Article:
Of Woman Born: Motherhood as Experience and Institution

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W. W. Norton & Company, Apr 17, 1995 - 352 pages
3 Reviews

Adrienne Rich's influential and landmark investigation concerns both the experience and the institution of motherhood.

The experience is her own—as a woman, a poet, a feminist, and a mother—but it is an experience determined by the institution, imposed on all women everywhere. She draws on personal materials, history, research, and literature to create a document of universal importance.
 

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User Review  - jarvenpa - LibraryThing

Stunning work. It raged into the world with a horrible and beautiful truth. I read it first as I was nursing my firstborn, in the 70's. Fearful territory. She may have been the first to look with ... Read full review

LibraryThing Review

User Review  - labwriter - LibraryThing

This book is a classic that needs to be understood within the context of the time it was written. Yes, things have changed--duh. One reason women are living different lives in 2010 than they were in ... Read full review

Contents

Foreword
Anger and Tenderness
The Sacred Calling
The Kingdom of the Fathers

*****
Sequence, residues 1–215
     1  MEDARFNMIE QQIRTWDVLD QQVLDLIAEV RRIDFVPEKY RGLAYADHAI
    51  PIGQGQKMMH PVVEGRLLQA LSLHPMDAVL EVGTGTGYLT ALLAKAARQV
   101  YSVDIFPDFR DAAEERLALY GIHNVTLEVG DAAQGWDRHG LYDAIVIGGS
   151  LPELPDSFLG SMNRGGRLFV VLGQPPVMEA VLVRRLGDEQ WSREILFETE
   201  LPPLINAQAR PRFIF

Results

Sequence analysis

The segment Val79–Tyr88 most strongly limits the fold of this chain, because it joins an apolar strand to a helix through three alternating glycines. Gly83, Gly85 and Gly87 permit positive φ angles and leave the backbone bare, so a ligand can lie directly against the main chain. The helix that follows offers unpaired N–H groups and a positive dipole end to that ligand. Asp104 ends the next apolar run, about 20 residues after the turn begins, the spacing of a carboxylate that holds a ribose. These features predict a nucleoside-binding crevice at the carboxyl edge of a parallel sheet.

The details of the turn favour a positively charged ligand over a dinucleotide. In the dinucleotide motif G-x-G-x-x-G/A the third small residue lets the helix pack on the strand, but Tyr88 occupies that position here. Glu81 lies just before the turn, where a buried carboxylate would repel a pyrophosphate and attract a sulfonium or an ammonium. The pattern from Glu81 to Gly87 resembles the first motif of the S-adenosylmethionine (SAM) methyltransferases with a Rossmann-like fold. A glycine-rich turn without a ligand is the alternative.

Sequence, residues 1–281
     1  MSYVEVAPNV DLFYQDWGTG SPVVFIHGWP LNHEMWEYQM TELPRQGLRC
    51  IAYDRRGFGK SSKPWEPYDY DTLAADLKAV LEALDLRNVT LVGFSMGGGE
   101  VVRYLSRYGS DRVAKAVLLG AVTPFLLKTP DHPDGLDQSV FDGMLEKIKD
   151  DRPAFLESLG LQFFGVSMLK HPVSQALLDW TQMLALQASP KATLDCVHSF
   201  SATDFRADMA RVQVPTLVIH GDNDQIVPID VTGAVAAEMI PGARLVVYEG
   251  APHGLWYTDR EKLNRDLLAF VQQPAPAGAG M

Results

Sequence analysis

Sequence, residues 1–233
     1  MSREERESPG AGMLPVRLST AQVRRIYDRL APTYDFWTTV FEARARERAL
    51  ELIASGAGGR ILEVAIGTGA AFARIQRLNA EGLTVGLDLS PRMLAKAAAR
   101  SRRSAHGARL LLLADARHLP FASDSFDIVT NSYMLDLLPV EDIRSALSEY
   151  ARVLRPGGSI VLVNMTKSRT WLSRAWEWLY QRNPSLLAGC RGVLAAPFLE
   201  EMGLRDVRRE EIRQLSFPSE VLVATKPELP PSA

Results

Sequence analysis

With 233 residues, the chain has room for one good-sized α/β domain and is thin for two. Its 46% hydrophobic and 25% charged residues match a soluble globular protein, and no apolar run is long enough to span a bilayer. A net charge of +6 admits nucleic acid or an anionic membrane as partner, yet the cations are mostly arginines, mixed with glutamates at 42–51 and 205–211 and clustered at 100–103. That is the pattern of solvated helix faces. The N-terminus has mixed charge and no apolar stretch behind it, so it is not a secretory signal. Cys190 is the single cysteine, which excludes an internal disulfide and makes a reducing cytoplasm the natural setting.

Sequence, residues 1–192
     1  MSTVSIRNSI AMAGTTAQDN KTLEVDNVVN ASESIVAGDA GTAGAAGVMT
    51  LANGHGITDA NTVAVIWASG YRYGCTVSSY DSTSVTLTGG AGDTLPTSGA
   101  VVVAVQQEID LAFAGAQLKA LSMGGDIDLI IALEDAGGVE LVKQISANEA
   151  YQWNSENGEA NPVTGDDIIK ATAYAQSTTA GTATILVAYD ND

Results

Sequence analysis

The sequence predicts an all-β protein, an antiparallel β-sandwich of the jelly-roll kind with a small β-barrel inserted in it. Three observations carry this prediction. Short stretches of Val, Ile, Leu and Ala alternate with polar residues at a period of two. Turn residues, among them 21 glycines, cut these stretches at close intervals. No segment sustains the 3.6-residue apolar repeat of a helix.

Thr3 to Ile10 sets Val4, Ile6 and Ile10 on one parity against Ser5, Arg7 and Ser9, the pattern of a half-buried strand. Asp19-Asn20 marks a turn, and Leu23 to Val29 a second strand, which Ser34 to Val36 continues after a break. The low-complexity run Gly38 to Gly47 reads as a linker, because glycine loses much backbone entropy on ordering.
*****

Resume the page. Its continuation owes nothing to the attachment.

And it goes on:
The Primacy of the Mother
The Domestication of Motherhood
Hands of Flesh Hands of Iron VII Alienated Labor
Mother and Son Woman and
Motherhood and Daughterhood
The Heart of Maternal Darkness
Afterword
Notes
Index
Copyright

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About the author (1995)

Widely read, widely anthologized, widely interviewed, and widely taught, Adrienne Rich (1929–2012) was for decades among the most influential writers of the feminist movement and one of the best-known American public intellectuals. She wrote two dozen volumes of poetry and more than a half-dozen of prose. Her constellation of honors includes two National Book Awards, a MacArthur Foundation “genius” grant, and a Medal for Distinguished Contribution to American Letters by the National Book Foundation. Ms. Rich’s volumes of poetry include The Dream of a Common Language, A Wild Patience Has Taken Me This Far, An Atlas of the Difficult World, The School Among the Ruins, and Telephone Ringing in the Labyrinth. Her prose includes the essay collections On Lies, Secrets, and Silence; Blood, Bread, and Poetry; an influential essay, “Compulsory Heterosexuality and Lesbian Existence,” and the nonfiction book Of Woman Born, which examines the institution of motherhood as a socio-historic construct. In 2010, she was honored with The Griffin Trust for Excellence in Poetry's Lifetime Recognition Award.

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